Ann Arbor downtown library bond proposal headed for defeat
Ryan J. Stanton | AnnArbor.com
With 74 of 92 precincts counted, the Ann Arbor District Library's bond proposal for a new downtown library is losing with 45.8 percent of the vote.
The vote count is 32,680-27,659 against the proposal, and votes from the remaining precincts won't be enough to close that gap.
If approved, the proposal would have authorized the sale of up to $65 million worth of bonds and the AADL would have levied a property tax for up to 30 years to pay off the debt.
Ryan J. Stanton | AnnArbor.com
Library officials said that would be enough to fund the estimated $53 million in construction costs, plus demolition, rental of temporary facilities during construction, furniture, equipment, technology, and other costs related to the project, including permits, designs and engineering.
The library currently levies 1.55 mills in taxes per year for operations, costing the owner of a $200,000 home with a $100,000 taxable value about $155 per year.
The AADL board studied the issue of whether to replace or renovate the downtown library to address capacity issues and it was found that a new building would cost only 10 percent more than a renovation. Library officials had in mind a 160,000-square-foot facility that would include more room for programs, meeting spaces and new technology, as well as a 400-seat auditorium.
Supporters of the proposal campaigned for its passage through a committee called Our New Downtown Library, which was headed up by Ellie Serras. She and others gathered Tuesday night at the Real Seafood Co. in downtown Ann Arbor to watch the results roll in, but they knew early in the night that it wasn't looking good for them.
Serras said this past week she hoped voters would realize the value in replacing the downtown library, which dates back to 1958 and was last renovated in the early 1990s.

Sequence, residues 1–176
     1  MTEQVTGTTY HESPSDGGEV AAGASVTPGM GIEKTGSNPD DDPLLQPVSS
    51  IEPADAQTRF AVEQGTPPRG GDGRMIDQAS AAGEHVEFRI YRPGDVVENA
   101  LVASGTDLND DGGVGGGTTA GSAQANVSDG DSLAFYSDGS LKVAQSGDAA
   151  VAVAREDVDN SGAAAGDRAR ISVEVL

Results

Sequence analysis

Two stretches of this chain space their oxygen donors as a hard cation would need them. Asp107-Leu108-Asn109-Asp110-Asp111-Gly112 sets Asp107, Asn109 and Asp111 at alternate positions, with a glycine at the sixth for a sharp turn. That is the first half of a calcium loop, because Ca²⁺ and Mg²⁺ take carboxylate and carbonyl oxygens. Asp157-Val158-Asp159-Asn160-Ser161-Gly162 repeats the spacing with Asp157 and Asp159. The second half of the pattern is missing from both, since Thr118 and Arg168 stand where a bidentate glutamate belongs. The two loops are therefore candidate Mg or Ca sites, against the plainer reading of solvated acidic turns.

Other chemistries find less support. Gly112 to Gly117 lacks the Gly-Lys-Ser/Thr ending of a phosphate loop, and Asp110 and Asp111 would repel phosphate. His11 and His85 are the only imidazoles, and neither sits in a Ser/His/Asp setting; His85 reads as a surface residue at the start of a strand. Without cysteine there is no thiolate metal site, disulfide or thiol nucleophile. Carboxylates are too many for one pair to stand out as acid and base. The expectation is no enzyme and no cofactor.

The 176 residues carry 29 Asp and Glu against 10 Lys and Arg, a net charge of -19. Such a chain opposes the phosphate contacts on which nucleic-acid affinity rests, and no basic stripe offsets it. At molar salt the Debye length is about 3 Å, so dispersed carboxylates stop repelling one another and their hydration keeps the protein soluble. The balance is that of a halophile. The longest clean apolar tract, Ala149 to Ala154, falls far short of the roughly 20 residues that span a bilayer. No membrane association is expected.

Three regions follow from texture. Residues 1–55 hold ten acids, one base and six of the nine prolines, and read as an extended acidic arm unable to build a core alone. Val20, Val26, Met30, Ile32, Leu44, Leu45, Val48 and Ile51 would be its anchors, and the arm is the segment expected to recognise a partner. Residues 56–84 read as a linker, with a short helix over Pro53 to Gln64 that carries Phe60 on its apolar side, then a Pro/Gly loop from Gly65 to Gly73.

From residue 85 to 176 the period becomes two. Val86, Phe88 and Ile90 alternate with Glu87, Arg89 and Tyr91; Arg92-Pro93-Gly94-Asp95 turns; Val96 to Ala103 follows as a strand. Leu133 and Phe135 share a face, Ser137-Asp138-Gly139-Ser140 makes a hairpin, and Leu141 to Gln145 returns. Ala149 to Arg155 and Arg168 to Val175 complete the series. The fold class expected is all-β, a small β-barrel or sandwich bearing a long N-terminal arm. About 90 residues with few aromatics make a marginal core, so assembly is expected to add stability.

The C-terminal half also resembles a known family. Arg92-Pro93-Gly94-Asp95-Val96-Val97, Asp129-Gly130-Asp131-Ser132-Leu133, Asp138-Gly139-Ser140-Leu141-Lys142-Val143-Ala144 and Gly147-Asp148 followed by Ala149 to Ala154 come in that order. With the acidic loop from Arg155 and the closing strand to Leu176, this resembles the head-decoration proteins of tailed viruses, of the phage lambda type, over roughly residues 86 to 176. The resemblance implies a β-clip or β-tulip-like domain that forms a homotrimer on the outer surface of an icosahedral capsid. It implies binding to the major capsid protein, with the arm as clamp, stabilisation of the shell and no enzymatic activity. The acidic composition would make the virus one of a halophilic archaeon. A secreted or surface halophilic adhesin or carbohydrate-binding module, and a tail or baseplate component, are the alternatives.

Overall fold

Three committees — one called Protect Our Libraries, another called Save the Ann Arbor Library, and another called LOL=Love Our Library — formed in opposition to the proposal.
Kathy Griswold, who headed up the Protect Our Libraries group, said library officials were asking too much money for what she considered a marginal benefit.
Library officials said a solid timeline would have been developed if the proposal was approved, but it was expected the project would begin by spring 2014 and construction would last 18-27 months. There would have been a year-long planning process with public input before the project started.
The intention was to keep the downtown library's collection available online for requests during construction, but most of it would not have been physically browsable. Library leaders said they hoped to find space they could use as a temporary downtown branch if the project moved ahead.
Ryan J. Stanton covers government and politics for AnnArbor.com. Reach him at firstname.lastname@example.org or 734-623-2529. You also can follow him on Twitter or subscribe to AnnArbor.com's email newsletters.